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Last Updated: Monday, 29 November, 2004, 08:19 GMT
Pakistan tests mid-range missile
Pakistan-made Hatf series missiles
Missile tests are often used to score diplomatic points
Pakistan has test-fired a medium-range ballistic missile capable of carrying nuclear warheads in what is its fifth missile test this year.

The army said Pakistan had informed its neighbours, including India, about the test of Hatf-III Ghaznavi.

The test comes a week after the prime ministers of India and Pakistan met for the first time for peace talks.

The two countries routinely test their missiles and observers do not expect this one to affect current peace moves.

The Hatf-III Ghaznavi missile has a range of 290km (180 miles) and can carry nuclear warheads.

"We have test-fired this missile to check its latest design," army spokesman Major General Shaukat Sultan told The Associated Press.

He said the test would not have a negative impact on the peace process with neighbouring rival, India.

It (the test) is aimed at reassuring hawks in Pakistan that the Musharraf government has no plan to freeze the country's nuclear programme
Talat Masood, military analyst
The Pakistani army said in a statement that the country's "nuclear and missile programme will main the pace of development, and tests will continue to be conducted as per technical issues".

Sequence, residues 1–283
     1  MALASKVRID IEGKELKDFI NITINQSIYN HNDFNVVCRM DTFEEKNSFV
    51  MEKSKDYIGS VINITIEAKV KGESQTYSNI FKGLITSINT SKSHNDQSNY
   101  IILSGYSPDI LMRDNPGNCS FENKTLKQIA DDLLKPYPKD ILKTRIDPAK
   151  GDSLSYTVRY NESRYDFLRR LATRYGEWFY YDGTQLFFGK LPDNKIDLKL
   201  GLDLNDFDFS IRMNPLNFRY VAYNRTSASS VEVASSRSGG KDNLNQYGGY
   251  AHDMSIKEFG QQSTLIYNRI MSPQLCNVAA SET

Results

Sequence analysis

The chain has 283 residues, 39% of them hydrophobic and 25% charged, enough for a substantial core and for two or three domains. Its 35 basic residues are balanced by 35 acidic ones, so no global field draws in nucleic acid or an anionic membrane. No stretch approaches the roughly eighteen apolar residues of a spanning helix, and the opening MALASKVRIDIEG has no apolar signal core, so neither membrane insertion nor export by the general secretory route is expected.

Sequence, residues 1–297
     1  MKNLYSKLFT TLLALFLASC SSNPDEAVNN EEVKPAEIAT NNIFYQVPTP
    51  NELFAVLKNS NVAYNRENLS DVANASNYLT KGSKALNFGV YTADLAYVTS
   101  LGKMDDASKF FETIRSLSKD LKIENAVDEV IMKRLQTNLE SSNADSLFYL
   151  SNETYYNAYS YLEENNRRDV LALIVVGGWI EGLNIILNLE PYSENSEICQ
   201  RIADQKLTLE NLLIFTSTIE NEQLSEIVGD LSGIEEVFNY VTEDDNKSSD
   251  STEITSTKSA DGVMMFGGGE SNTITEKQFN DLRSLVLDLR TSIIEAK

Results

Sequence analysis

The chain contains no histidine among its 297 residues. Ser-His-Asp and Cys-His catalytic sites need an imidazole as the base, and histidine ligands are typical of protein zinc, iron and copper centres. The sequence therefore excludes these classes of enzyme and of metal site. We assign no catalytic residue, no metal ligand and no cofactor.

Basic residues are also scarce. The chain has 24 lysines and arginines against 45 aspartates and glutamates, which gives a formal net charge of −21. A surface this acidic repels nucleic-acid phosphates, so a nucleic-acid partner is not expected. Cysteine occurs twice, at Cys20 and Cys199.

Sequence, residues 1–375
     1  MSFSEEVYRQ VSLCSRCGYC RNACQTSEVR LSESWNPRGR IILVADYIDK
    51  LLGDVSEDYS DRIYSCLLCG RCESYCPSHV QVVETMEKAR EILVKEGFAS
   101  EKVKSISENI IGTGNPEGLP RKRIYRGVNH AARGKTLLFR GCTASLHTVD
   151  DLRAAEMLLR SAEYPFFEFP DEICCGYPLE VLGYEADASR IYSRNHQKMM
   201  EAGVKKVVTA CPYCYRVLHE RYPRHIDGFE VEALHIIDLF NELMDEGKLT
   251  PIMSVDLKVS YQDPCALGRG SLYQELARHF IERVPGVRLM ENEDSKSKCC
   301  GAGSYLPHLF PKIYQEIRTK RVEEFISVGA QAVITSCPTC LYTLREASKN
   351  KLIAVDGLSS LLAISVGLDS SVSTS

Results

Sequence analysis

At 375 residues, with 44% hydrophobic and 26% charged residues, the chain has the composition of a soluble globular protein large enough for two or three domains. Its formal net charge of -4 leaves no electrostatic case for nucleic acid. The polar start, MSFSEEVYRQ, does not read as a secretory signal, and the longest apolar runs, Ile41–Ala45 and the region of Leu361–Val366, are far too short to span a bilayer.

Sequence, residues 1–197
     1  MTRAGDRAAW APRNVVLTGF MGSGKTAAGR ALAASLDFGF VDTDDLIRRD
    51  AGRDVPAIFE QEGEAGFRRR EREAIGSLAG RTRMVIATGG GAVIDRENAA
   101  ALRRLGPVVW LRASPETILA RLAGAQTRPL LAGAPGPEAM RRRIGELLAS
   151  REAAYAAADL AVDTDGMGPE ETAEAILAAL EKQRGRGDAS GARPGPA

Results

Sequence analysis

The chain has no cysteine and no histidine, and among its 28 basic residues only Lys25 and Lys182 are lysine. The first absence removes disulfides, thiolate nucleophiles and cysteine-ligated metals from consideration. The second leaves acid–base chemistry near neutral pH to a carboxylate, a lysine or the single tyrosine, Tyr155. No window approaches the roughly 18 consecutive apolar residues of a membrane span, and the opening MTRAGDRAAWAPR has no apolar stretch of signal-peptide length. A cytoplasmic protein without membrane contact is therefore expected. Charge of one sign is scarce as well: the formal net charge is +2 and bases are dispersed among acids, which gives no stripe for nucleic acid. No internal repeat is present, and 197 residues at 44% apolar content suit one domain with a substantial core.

'Domestic fears'

In October, Pakistan tested a medium-range nuclear-capable missile which could hit targets deep in India.

Pakistani officials at that time said the testing of the Hatf-V Ghauri missile, which has a range of 1,500km (930 miles), was not meant to send a message to nuclear armed India.

Analysts say Pakistan's recent missile tests are aimed at placating domestic fears that the country might scale back its nuclear programme following disclosures earlier this year that a Pakistani scientist had leaked nuclear secrets to North Korea, Libya and Iran.

In June, India and Pakistan had their first-ever talks aimed at building mutual trust that could reduce the risk of nuclear conflict.

The two sides agreed to set up a new telephone hotline to alert each to potential nuclear risks.

They also agreed to continue a moratorium on nuclear weapons testing in place since 1998.

But tests could resume if either country believed "extraordinary events" threatened its interests.

The two countries have twice veered close to war since tit-for-tat nuclear tests in 1998 - over Kashmir in 1999 and again in 2002.

Both countries have limited command and control structures, and neither has developed the technology to recall a nuclear-tipped missile fired in error.




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